In other words, does the size of projected image circle matters in the size and weight of two lenses with the same aperture/DOF (different f-number) and field of view (different mm)? All other things equal, will a 40mm F4 full-frame lens be identical in dimensions and weight to a 20mm F2 Micro 4/3 lens? Or bigger? Or smaller? Why?
My question is similar to "Does sensor size dictate lens size with all other things equal?" but there they only discussed lenses with equal f-number, where the smaller one can't make the same images as the the larger one wide open.
Does the f-number matters in that answer? Like, a 40mm F5.6 is the same size of a 20mm F2.8 but a 40mm F2.8 is smaller than a 40mm F1.4? I ask because a moderator here called jrista stated the following in a answer to the question Does the size of the front glass mean anything? :
once you pass f/2.8, each additional stop greatly increases the physical size of the lens. Additionally, once you pass f/2.8, each additional stop requires a considerably greater amount of light, and larger front lens elements are a key factor in gathering that additional light.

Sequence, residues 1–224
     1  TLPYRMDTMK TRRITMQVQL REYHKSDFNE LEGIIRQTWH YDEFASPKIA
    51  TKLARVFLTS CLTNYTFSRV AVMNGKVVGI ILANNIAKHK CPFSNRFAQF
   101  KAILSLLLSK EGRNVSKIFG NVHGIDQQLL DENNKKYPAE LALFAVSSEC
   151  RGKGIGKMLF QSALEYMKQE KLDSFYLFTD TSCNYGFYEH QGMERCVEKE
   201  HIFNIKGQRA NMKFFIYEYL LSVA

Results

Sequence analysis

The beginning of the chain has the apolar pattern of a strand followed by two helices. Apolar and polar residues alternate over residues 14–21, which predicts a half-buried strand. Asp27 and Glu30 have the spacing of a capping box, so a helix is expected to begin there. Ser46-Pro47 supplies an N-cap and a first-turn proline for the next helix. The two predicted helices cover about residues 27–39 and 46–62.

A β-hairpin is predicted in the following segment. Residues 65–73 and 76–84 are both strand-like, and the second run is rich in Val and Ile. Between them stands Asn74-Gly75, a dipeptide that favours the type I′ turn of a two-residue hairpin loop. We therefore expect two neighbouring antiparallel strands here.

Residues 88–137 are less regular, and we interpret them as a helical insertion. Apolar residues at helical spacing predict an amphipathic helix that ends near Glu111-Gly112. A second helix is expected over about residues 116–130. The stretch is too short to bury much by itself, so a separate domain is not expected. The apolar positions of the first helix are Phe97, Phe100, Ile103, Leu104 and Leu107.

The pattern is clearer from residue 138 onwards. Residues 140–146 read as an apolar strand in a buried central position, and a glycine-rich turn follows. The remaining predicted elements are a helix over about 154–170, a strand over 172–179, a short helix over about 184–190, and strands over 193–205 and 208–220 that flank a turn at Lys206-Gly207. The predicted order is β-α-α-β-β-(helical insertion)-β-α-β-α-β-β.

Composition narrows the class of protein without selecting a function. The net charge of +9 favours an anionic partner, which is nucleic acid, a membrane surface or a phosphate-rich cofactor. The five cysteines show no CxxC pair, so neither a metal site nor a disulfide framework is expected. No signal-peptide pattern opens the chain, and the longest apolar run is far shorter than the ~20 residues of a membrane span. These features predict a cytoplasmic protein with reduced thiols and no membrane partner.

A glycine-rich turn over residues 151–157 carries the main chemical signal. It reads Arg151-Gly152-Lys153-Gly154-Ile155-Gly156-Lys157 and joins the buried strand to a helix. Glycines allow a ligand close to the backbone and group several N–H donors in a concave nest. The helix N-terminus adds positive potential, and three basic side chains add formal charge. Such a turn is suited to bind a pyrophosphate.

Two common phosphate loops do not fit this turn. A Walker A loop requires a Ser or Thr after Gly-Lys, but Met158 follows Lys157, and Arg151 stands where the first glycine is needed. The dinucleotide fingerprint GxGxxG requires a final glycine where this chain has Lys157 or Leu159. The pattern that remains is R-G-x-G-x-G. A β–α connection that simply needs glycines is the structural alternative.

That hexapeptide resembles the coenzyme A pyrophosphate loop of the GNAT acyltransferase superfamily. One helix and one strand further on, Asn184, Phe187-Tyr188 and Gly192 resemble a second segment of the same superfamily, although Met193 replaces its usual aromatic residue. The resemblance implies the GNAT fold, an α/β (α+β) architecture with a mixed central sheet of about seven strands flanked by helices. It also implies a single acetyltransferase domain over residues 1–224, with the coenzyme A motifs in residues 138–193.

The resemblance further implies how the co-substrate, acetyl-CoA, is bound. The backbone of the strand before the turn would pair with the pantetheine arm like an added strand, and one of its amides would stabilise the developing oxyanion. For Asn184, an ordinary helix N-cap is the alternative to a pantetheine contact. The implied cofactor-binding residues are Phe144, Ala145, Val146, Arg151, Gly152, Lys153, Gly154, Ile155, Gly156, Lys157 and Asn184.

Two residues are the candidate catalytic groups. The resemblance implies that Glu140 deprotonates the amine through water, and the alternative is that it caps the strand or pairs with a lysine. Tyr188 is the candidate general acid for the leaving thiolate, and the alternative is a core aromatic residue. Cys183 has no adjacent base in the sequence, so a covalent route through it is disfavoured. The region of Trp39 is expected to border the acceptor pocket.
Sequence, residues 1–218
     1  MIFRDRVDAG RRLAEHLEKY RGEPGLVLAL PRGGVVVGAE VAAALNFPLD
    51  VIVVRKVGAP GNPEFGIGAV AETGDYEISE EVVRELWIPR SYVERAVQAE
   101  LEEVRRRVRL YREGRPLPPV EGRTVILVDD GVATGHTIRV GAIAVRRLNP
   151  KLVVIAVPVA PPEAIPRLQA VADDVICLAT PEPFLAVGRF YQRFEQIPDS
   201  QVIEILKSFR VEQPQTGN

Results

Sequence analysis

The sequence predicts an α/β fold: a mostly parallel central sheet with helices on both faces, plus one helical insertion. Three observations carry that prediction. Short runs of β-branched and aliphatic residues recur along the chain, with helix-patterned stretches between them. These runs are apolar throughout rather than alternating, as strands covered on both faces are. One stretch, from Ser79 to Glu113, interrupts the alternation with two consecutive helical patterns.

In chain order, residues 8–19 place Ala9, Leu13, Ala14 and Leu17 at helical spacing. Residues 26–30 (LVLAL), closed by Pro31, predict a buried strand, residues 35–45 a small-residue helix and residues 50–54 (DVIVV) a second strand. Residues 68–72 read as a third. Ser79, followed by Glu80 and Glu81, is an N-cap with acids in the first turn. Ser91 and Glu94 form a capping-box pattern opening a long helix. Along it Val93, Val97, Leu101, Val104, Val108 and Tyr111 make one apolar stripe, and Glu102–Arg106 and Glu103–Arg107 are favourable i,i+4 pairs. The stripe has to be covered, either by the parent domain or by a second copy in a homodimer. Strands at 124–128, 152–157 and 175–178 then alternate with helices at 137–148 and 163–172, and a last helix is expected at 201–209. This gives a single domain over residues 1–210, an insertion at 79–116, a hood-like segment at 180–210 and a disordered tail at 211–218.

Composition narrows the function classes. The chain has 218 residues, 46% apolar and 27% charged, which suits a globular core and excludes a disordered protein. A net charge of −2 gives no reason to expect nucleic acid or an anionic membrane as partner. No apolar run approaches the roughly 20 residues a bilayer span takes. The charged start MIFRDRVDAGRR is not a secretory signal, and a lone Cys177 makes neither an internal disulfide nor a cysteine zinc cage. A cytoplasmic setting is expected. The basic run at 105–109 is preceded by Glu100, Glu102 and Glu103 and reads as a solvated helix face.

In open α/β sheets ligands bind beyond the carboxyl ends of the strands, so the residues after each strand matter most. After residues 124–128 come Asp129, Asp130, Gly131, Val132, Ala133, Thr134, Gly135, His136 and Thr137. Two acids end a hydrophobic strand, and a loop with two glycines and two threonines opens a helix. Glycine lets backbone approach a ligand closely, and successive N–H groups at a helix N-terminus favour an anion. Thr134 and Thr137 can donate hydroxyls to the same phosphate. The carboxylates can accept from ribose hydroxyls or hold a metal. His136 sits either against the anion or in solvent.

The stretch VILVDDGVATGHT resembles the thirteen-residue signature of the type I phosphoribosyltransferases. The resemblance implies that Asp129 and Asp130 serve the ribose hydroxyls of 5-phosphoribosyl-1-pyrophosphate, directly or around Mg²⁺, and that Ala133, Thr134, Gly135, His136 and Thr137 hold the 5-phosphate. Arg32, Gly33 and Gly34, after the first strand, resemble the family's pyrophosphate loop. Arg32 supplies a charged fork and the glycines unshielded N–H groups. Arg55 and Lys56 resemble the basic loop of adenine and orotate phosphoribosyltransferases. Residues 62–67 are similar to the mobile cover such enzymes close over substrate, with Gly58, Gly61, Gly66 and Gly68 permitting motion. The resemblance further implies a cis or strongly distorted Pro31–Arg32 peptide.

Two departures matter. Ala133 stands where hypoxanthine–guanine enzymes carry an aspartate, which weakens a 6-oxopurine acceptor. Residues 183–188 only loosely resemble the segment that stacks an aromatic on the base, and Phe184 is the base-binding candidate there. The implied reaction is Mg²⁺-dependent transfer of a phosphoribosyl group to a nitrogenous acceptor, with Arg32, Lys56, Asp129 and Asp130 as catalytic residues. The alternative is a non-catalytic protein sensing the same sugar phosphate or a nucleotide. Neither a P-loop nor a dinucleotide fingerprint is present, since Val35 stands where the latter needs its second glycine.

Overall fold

But I don't understand why F2.8 is such a "magical" turning point.
As a side question, the design of both lenses has to be totally different? Or is it just a matter of changing one or two glass elements at the base of the lens to adjust the projected image size? I ask that because one can transform a 40mm F4 lens into almost a 20mm F2 lens with a speed booster, but there are many downsides to that as it is extra glass. But if the manufacturer can make such minimal changes on the lenses avoiding those downsides, why I have never seen they release two versions of the same lens at the same time, one for APS-C and another for full-frame, like they do for different mounts?
Are different designs optimal for each focal length? Why?